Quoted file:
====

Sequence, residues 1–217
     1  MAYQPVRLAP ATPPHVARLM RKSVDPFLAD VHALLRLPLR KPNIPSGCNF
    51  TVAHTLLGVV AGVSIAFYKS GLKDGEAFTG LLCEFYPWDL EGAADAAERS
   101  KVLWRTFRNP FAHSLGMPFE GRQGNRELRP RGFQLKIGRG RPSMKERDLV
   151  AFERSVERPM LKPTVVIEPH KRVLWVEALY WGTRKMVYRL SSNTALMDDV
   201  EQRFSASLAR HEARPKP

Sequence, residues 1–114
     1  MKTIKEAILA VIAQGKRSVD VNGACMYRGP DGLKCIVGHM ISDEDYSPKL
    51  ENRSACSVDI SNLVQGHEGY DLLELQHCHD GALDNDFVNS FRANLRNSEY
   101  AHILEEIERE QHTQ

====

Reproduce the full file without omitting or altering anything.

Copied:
Sequence, residues 1–217
     1  MAYQPVRLAP ATPPHVARLM RKSVDPFLAD VHALLRLPLR KPNIPSGCNF
    51  TVAHTLLGVV AGVSIAFYKS GLKDGEAFTG LLCEFYPWDL EGAADAAERS
   101  KVLWRTFRNP FAHSLGMPFE GRQGNRELRP RGFQLKIGRG RPSMKERDLV
   151  AFERSVERPM LKPTVVIEPH KRVLWVEALY WGTRKMVYRL SSNTALMDDV
   201  EQRFSASLAR HEARPKP

Sequence, residues 1–114
     1  MKTIKEAILA VIAQGKRSVD VNGACMYRGP DGLKCIVGHM ISDEDYSPKL
    51  ENRSACSVDI SNLVQGHEGY DLLELQHCHD GALDNDFVNS FRANLRNSEY
   101  AHILEEIERE QHTQ